wpostServer: http://css.washingtonpost.com/wpost2

Most Read: Opinions

direct signup

Today’s Opinions poll

Should Congress deal with the immigration crisis -- tens of thousands of unaccompanied minors at the border -- before its August recess?

Submit
Next
Review your answers and share
Right Turn
Posted at 11:39 AM ET, 10/17/2012

Debate aftermath: Romney scores with actual voters, expands the map

While TV and print pundit are fussing over who won the second presidential debate and whether Candy Crowley has permanently damaged her reputation, the Romney camp is ebullient over the reaction of actual voters.

I frankly don’t think much of the Frank Luntz focus groups, which to my eye seem to be over-eager pundit wanna-be’s. Last night, the group seemed less “undecided” than Republican. But apparently the overwhelmingly positive reaction of the group was duplicated in the MSNBC focus and, Right Turn has learned, in a campaign focus group of undecided voters in Ohio.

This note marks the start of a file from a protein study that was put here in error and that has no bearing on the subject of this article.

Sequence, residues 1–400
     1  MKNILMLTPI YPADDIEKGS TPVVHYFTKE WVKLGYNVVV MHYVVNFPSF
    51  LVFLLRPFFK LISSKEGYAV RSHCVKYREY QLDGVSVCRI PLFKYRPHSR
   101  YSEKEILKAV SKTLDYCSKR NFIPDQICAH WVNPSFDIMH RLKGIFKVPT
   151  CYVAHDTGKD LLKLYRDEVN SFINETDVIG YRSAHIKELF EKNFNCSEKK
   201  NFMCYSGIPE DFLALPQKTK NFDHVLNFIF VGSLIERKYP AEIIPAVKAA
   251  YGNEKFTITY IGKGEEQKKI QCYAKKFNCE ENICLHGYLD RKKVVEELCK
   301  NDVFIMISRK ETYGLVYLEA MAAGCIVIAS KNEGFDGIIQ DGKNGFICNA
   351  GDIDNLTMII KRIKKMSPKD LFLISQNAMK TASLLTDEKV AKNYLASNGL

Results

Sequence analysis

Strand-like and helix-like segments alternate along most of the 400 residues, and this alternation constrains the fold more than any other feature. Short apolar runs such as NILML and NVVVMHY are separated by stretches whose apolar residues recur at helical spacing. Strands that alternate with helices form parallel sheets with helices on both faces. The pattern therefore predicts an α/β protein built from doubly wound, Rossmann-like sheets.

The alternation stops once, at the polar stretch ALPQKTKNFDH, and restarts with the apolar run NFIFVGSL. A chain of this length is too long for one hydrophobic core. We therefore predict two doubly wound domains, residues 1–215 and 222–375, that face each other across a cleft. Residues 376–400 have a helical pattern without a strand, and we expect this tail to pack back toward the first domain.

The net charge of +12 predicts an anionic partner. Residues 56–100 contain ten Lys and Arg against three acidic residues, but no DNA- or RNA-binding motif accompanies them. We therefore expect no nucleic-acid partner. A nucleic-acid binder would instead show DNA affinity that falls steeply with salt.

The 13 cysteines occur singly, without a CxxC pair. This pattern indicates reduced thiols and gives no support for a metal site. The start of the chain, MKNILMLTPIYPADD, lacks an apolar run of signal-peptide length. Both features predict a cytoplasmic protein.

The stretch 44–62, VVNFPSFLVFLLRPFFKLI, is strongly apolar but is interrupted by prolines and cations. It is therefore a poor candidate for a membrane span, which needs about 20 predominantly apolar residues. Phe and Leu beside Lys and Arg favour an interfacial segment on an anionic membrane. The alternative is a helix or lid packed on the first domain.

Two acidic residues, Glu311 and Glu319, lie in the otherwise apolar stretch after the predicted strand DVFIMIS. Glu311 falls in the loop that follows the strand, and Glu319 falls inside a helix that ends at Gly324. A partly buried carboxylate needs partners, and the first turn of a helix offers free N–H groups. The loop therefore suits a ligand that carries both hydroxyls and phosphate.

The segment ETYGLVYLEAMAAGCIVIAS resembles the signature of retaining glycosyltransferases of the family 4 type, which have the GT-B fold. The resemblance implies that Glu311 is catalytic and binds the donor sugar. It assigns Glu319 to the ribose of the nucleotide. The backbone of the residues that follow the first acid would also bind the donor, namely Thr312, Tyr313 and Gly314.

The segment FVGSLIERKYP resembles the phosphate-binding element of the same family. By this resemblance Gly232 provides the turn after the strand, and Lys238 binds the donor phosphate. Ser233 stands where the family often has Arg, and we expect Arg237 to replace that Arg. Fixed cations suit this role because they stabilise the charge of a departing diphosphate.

A Republican insider with whom I spoke this morning told me that among the undecideds in the group in Ohio, the “ballot question” (i.e., who are you going to vote for) moved in Romney’s direction. He also said that Romney rated very highly on personal attributes, on “depth of answer” and the “are you better off?” take-down of Obama’s record.

The Obama team’s reaction to the debate, in particular its focus on Romney’s odd phrasing in answering a question on hiring women, has Republicans wondering if the testier Obama didn’t fall flat with female voters, among whom Obama has lost ground.

This was Romney’s answer about workplace inequality:

And — important topic and one which I learned a great deal about, particularly as I was serving as governor of my state, because I had the — the chance to pull together a Cabinet and all the applicants seemed to be men. And I — and I went to my staff, and I said, how come all the people for these jobs are — are all men?